25% Population (Millions) 20% 15% 10% 5% 0% -5% -10% 35-54 55-74 Age Group 75+

Xxxxx-xx/Footer

- 19 -

Case 3: Retirement Plan (IV of VI)
Bain, Round 1 Current Population of Different Age Groups in the U.S.
36 34 32 30 28 26 24 22 20 18 16 14 12 10 8 6 4 2 0

Account Balance ($000s)

35-54

55-74 Age Group Defined Contribution IRA

75+

Xxxxx-xx/Footer

- 20 -

Case 3: Retirement Plan (V of VI)
Bain, Round 1 Reasons for Choosing IRA Provider

Percent of Respondents

50 40 30 20 10 0
Advice Capabilities Breadth of Products Personalized Service Price Website Features 1 800 Number

Reason for Selecting Provider

Xxxxx-xx/Footer

- 21 -

Case 3: Retirement Plan (VI of VI)
Bain, Round 1
Candidate should calculate the population growth for each age group Then calculate the market size of each type of retirement account
Age Group 35-54 55-74 75+ 2005 Pop. 70M 50M 20M % Growth -5% +20% +5% Pop. Growth -3.5M +10M +1M 2010 Pop. 66.5M 60M 21M

Age Group 35-54 55-74 75+

Account Balance of Defined Contribution $30K x 66.5M = $2.0T $20K x 60M = $1.2T $0 x 21M = $0 MARKET SIZE = $3.2T

Account Balance of IRA $34K x 65M = $2.21T $26K x 60M = $1.56T $0 x 21M = $0 MARKET SIZE = $3.77T

Case Wrinkle

• There are different player planning to enter each market. • Discount brokers are Defined Contribution market, but may enter the IRA market. These firms, such as Fidelity Investments and Vanguard, are characterized by low price / low touch model • IRAs tend to be provided such as full service brokers (e.g., Merrill Lynch • Given the data on Handout 4, how would you assess the threat of a discount brokerage entering the IRA market? IRAs represent the larger market and thus present a greater revenue opportunity. Entrance threats from discount brokers will be minimal because they do not have the capabilities to compete in this market. Next step: research market share of full-service firms currently in the IRA market and make sure we can steal share from them. Also explore the costs of launching and operating these services.
- 22 -

Solution Guide.

Xxxxx-xx/Footer

Case 4: Airplane De-Icing (I of IV)
Bain, Round 1
Guidance for interviewer and information provided upon request(1)
• Cost comparison on in-sourcing vs. outsourcing – see Handout 1, but first have candidate outline what the major cost bucket are. • If the client in-sources the de-icing, they will need to hire 150 people for the whole icy season, but the actual number of workers per month fluctuates and can get as high as 60. We have to pay workers for the whole month, even if we only need them for one week • Each worker costs $4,000 / month The client is considering in-sourcing airplane deicing, but currently does not have enough resources do the de-icing in-house. The client requires a 4-year payback on investments and wants to know if they should insource or outsource the de-icing? • There are 5 months in the icy season • The performance problems result from IceCo taking too long to de-icy the planes, leading to delays. We cannot quantify the impact of this.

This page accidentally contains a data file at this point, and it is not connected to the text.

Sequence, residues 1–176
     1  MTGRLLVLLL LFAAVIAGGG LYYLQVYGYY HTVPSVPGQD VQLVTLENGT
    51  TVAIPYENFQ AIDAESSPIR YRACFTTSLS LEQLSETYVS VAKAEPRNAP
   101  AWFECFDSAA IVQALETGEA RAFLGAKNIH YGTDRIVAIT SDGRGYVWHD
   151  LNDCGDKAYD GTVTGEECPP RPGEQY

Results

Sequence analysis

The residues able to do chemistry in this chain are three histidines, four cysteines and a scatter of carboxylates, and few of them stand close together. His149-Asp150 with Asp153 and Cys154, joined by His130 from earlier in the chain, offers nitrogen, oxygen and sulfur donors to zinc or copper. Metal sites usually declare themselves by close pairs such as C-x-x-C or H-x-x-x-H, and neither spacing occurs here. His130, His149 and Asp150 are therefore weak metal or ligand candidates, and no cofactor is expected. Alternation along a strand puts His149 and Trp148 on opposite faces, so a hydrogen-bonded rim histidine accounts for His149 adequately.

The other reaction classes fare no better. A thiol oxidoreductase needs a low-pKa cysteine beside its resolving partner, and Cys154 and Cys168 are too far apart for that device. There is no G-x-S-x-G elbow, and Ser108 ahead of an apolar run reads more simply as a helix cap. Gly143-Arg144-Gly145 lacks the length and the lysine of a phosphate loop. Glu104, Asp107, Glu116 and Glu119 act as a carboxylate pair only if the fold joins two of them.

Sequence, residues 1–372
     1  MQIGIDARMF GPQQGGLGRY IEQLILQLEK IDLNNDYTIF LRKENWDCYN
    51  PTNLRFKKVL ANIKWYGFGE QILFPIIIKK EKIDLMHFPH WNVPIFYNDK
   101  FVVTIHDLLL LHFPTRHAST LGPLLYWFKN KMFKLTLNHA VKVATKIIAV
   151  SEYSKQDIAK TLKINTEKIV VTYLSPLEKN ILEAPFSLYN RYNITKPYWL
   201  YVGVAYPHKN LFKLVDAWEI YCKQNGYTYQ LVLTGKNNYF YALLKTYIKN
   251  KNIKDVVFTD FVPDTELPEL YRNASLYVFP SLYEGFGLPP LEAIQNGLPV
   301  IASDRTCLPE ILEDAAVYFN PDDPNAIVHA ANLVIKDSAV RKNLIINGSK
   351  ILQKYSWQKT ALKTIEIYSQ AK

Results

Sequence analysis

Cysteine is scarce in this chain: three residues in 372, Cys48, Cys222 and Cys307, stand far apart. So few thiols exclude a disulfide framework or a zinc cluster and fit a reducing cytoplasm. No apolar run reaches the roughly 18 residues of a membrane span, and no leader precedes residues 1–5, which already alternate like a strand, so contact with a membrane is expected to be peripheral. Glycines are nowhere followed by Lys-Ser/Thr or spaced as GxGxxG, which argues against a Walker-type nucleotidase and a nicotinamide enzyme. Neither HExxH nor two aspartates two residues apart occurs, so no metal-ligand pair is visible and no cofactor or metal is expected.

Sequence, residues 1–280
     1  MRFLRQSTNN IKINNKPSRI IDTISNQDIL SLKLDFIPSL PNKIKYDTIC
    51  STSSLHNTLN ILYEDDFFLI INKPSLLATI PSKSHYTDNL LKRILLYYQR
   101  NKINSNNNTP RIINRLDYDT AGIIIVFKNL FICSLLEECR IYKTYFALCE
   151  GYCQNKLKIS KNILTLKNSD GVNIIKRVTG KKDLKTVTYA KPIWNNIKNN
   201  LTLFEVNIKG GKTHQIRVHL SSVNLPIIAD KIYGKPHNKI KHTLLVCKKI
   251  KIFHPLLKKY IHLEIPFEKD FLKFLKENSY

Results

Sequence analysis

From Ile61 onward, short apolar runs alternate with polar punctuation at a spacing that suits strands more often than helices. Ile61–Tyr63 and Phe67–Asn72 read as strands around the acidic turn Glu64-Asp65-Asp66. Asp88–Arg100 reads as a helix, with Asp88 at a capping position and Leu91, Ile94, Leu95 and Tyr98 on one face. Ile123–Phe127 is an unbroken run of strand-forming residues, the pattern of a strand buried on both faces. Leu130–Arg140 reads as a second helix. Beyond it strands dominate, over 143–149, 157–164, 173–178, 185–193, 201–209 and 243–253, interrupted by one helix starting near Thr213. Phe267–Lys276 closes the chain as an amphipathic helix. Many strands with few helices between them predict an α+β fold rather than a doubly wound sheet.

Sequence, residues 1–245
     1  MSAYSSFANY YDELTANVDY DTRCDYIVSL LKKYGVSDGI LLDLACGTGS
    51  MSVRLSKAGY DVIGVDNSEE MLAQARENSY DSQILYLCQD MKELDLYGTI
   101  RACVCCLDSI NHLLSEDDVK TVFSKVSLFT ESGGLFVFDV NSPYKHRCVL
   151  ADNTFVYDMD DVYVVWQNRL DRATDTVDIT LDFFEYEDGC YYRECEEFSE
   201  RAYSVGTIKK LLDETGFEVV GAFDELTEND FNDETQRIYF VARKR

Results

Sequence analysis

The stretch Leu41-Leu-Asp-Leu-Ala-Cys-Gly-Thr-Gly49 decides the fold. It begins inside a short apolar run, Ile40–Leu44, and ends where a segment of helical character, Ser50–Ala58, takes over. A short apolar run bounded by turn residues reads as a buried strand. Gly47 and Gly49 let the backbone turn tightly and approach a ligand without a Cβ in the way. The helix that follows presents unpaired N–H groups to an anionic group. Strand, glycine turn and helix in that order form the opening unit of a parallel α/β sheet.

Problem statement narrative
Your client is AirCo, a U.S. airline that has significant operations at on the of Chicago airports. Due the cold weather, the client’s place often have to be de-iced, but because the need de-icing is very unpredictable, the client decided to outsource the de-icing to IceCo last year. However, IceCo’s performance has not been satisfactory.

Xxxxx-xx/Footer

- 23 -

Case 4: Airplane De-Icing (II of IV)
Bain, Round 1
Comparison of Outsourced vs. Insourced De-Icing Costs Comparison of Outsourced vs. Insourced De-Icing Costs
IceCo Number of Events Fee per Event Labor Costs Cost per Gallon of Chemicals # of Gallons of Chemical per Event 3000 $300 N/A $5 40 Client 3000 NA ? $5 40

Cost per Event

?

?

Candidate: Please complete and explain the 2nd column Candidate: Please complete and explain the 2nd column

Xxxxx-xx/Footer

- 24 -

Case 4: Airplane De-Icing (III of VI)
Bain, Round 1 De-Icing Investment Costs

3.5 3 Investment Cost ($M) 2.5 2 1.5 1 0.5 0
Equipment

$3M
Training Supplies

Xxxxx-xx/Footer

- 25 -

Case 4: Airplane De-Icing (IV of IV)
Bain, Round 1
Calculate in-sourced labor costs per event 3000 events/season x 5 months/event = 600 events/month 150 workers/season / 5 months/season = 30 workers/month 30 workers/month x $4000/worker/month = $120K/month Labor cost/event = $120K/600 = $200 per event To decrease payback period… Reduce investment costs – lease equipment instead of purchasing it. Decrease labor costs to increase savings per event: re-negotiate labor contracts; explore more flexible options instead of hiring by month. Try to quantify impact of performance problems so these benefits can be monetized and added to the payback calculation.
Xxxxx-xx/Footer

Calculate in-sourced labor costs per event Outsourced cost: $300 + $5 x 40 = $500/event In-sourced cost: $200 + $4 x 40 = $360 Savings = $140/event

Calculate payback period for the investment Savings per year: $140/event x 3000 events/yr = $420K Payback: $3M/$420K = 7 years > than 4 year payback requirement

To improve IceCo’s performance… Implement SLAs that require IceCo to meet predetermined performance metrics. Tie IceCo fees to meeting SLAs.

- 26 -

Case 5: Deposit Slips (I of III)
Bain, Round 1
Guidance for interviewer and information provided upon request(1)